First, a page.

Synopsis by Josh Ralske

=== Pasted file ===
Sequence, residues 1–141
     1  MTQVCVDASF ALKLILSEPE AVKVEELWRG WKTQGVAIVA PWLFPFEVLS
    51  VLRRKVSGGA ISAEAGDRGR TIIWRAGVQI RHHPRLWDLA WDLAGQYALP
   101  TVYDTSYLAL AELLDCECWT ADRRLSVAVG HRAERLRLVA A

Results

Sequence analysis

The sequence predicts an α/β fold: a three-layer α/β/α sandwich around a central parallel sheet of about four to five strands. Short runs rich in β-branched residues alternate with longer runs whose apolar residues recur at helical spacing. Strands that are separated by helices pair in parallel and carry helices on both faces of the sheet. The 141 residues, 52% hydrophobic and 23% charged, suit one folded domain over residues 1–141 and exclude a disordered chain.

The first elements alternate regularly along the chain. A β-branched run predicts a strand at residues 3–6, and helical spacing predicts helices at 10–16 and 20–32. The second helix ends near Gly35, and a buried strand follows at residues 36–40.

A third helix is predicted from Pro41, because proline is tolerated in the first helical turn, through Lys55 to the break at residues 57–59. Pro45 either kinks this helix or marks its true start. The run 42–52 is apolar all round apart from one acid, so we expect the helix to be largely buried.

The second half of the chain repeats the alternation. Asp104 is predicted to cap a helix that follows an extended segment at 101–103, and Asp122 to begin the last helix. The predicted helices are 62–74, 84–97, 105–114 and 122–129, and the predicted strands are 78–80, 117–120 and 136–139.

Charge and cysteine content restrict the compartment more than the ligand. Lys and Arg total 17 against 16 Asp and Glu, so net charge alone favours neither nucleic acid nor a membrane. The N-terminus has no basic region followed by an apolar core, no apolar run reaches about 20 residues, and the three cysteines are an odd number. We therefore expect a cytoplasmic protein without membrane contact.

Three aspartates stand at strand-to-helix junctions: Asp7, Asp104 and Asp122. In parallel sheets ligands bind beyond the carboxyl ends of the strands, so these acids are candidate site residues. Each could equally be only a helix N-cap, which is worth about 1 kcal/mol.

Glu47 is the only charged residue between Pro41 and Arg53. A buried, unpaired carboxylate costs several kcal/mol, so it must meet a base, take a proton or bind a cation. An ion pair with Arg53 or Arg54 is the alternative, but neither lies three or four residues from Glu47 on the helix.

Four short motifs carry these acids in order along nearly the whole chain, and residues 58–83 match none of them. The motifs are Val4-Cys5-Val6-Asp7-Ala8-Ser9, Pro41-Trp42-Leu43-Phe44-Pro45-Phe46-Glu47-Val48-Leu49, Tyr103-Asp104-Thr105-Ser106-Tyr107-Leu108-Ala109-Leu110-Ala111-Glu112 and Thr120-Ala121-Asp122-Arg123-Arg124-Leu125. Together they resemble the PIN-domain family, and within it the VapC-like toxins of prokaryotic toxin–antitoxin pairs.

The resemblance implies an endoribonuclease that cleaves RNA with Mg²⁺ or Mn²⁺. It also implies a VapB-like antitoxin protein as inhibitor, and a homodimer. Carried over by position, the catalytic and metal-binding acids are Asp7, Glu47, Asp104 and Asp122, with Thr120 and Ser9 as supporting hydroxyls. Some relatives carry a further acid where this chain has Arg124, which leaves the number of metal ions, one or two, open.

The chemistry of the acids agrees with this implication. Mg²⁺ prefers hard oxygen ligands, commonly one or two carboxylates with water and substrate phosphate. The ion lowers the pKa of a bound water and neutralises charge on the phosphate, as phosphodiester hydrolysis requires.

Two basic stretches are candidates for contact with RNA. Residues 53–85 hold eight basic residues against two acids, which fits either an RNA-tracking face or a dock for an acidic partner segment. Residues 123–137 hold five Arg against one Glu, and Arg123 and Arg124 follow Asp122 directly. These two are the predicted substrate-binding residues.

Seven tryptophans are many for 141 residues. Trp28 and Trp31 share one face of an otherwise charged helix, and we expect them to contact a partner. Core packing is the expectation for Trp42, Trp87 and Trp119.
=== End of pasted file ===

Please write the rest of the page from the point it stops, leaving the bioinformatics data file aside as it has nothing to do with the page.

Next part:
The recently dead return to life in They Came Back, but they are surprisingly uninterested in feasting on the living. Many of them are, naturally enough, elderly, and they seem content merely to go back to their former lives, but their return causes a myriad of complications. Robin Campillo, making his feature directorial debut, co-wrote the script to Laurent Cantet's Time Out, and his "zombie" movie quietly examines the individual and societal impact the dead have on the small French city -- just one of many similarly afflicted throughout the world -- to which they return. Isham (Djemel Barek) and Véronique (Marie Matheron) have their trepidations, but they're generally happy, at first, to see their little boy Sylvain (Saady Delas), and the town's elderly mayor (Victor Garrivier) welcomes home his wife, Martha (Catherine Samie). But Rachel (Géraldine Pailhas of 5x2), a government health official, cannot bring herself to visit her newly returned husband, Mathieu (Jonathan Zaccaï of Seaside), at the ad-hoc shelter where the government houses the "zombies" like refugees. Eventually, she relents, and Mathieu returns home, but the living find that their loved ones are not exactly as they remember them. Studies soon reveal that the dead suffer from a form of aphasia. They cannot create new memories, and they cannot be trusted to perform any but the most menial tasks. Perhaps sensing the discomfort they cause the living, the dead gather together at night, and seem to be formulating some kind of secret plan. They Came Back was selected by the Museum of Modern Art and the Film Society of Lincoln Center for inclusion in the 2005 edition of New Directors/New Films.